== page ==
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Stupid Fans, Teddy Atlas, and the Politics of Boxing: A Post Mortem of Pacquiao-Mosley

by Al Alvir

To the boxing world over, there is nothing valid to the argument that Manny Pacquiao was ever on HGH or, at this point, that Floyd Mayweather Jr. is clearly better than Pacquiao.  People who make livings following the sport and assessing the facts are convinced that all the talk is just fanfare to obstruct the truth: Mayweather does not want to fight Pacquiao under any circumstance – Pacquiao no drugs, no food, one arm…  There aren’t even any reliable tests for HGH, and it doesn’t mean anyone should be condemned for taking HGH only for that person being so good.  Even Barry Bonds left a trail of witnesses and suspicious corroborations; not just his size and performance.  The reasons given as to why Mayweather is ducking Pacquiao are simply ad hoc hypotheses.  Whether you know what that means or not, the point is that anyone in his right mind can objectively see that Mayweather does not want to fight Pacquiao for every reason opposite their scapegoats – he’s so much better rather than he’s on HGH, he’s so much better rather than he’s not giving me a hundred million dollars, he’s so much better rather than he’s gay.  Yes, those have all been excuses given by the Mayweather camp.

But stupid fans – oh, so stupid fans – continue to hold on to their biases or, dare I say, prejudices. 

These are the people who have played park basketball and know the material strategies of how to beat the Lakers.  They played little league baseball and know how to adjust a slumping Derek Jeter’s swing.  And maybe they’ve been in a street fight or a few, so they know the strategies that can make a Shane Mosley obliterate Manny Pacquiao. 

Perhaps I suffer from the same delusions, as I’ve argued for years against those idiots mentioned above.  But although I have studied the art of boxing under real boxing trainers since I was a child and once experienced the training life of a boxer and have taken punches in the ring, I can be objective enough to admit that I could be wrong.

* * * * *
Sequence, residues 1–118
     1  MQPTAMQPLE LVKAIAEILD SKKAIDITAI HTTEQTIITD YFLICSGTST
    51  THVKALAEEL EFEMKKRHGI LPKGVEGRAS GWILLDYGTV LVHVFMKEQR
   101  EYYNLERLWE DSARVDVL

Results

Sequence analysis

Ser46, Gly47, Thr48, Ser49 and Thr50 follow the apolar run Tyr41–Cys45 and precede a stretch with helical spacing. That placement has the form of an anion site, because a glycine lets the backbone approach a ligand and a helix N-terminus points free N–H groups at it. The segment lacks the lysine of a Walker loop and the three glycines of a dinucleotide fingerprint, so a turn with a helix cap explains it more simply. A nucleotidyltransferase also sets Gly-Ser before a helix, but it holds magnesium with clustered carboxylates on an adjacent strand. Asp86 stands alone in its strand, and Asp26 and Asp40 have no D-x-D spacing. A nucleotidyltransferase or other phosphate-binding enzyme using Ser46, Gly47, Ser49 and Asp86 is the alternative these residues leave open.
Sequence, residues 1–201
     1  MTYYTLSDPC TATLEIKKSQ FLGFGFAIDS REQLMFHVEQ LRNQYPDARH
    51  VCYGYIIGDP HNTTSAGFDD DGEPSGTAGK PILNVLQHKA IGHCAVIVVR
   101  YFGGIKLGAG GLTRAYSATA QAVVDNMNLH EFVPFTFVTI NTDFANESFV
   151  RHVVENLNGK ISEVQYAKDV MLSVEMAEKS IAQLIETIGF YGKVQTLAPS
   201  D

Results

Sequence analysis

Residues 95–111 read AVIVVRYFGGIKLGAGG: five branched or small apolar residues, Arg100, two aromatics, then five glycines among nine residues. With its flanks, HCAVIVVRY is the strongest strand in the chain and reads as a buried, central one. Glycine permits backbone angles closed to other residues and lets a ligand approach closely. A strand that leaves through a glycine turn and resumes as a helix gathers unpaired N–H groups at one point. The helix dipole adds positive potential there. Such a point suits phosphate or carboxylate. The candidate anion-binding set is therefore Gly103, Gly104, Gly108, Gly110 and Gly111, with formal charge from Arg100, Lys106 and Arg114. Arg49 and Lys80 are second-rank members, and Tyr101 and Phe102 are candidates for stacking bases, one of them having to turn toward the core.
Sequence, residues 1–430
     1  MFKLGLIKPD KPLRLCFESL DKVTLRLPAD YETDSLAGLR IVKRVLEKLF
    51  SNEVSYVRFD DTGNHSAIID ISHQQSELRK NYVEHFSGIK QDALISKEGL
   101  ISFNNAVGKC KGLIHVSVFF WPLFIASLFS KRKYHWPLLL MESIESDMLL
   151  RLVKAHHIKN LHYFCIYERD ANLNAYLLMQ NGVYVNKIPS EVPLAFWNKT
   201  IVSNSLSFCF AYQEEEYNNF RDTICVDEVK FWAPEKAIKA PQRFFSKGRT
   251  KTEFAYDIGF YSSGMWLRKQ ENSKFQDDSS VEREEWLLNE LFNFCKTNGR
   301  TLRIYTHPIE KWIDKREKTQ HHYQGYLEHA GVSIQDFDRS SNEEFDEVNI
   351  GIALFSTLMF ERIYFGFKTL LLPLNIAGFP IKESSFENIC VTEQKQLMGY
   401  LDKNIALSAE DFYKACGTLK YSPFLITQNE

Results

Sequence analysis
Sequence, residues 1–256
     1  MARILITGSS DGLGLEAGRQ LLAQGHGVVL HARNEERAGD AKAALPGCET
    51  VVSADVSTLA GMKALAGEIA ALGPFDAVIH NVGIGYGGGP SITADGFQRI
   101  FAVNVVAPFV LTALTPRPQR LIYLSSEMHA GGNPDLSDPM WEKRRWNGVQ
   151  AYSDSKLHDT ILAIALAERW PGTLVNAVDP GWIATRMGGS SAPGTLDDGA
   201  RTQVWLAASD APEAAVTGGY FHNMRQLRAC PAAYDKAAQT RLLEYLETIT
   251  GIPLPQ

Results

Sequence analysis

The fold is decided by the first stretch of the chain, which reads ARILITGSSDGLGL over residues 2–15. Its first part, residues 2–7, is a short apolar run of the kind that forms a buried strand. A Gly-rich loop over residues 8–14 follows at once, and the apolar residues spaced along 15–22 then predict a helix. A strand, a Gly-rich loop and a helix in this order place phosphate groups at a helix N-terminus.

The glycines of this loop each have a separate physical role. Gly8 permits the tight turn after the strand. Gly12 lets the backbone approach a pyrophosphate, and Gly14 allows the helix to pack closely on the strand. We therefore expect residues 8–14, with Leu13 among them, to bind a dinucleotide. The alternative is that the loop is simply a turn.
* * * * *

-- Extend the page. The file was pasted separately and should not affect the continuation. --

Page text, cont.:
Can any of those halfwits who painstakingly hold their rights to their opinions see the little things that go into applying professional game plans?  I’m not talking about the trite “crash the boards” strategy employed by people who know no other way; in boxing, it’s “keep your hands up and jab” that the average dunce exults.  I’m talking about how to set up traps, different defenses, angles, and hiding different combinations.  But the idiots who don’t know the slightest thing about boxing always act like they know more than anyone.  Do they know what makes a slick boxer slick?  No, and that ignorance and lack of education helps their hypotheses (or they may call it “theories,” although that is NOT what it is) fall flat on their faces.  I’m not saying Floyd Mayweather Jr. was not great at 135lb., but I am saying that image sells a lot to the public – dancing, talking, antics, etc.  Corollary, Naseem Richardson said that Pacquiao gets rounds when he gets excited to fight.  It’s called “stealing rounds,” and Mayweather does it a whole lot more, before and after the fight, along with his uncle and father infecting the minds of people who “don’t know [crap] about boxing.”   

Boxing is like politics.  It pulls on our heart’s strings and we put our spin on every fighter’s greatness like it’s a spin top.  The natural barriers of society – like race, religion, place, position, affinities and affections – guide our applauses.  And often, we wear our affiliations for all to see.  Teddy Atlas is one commentator whom I lost great respect for, as he is in an ESPN commentator obliged, but fails, to show objectivity as a known face of the sport, especially because he lacks Larry Merchant’s eloquence to ever explain his partiality.  Bob Jackson, who worked under Cus D’amato like Atlas did, said that he yelled at Teddy Atlas about his actions after Michael Moorer lost to George Foreman.  Atlas quit as Moorer’s trainer after the loss instead of staying by his fighter’s side.  “He only cares about himself,” Bob Jackson told me.  Worse than Atlas’s bad-mouthing Mike Tyson over and over every chance he had seeming to delight in the limelight of having supposedly been the only person who didn’t condone Tyson’s bad behavior, or his indulgence in loud antics in the corner of major fights, he questioned Manny Pacquiao’s legacy before his bout with Shane Mosley.  “Who has Pacquiao fought?” he asked.  “No one but Oscar De La Hoya.”  And now Manny Pacquiao, a Filipino who seems to be oblivious to the divides, may feel the prejudice and aversion akin to that which African-Americans have suffered for decades: “Is it because he’s black?”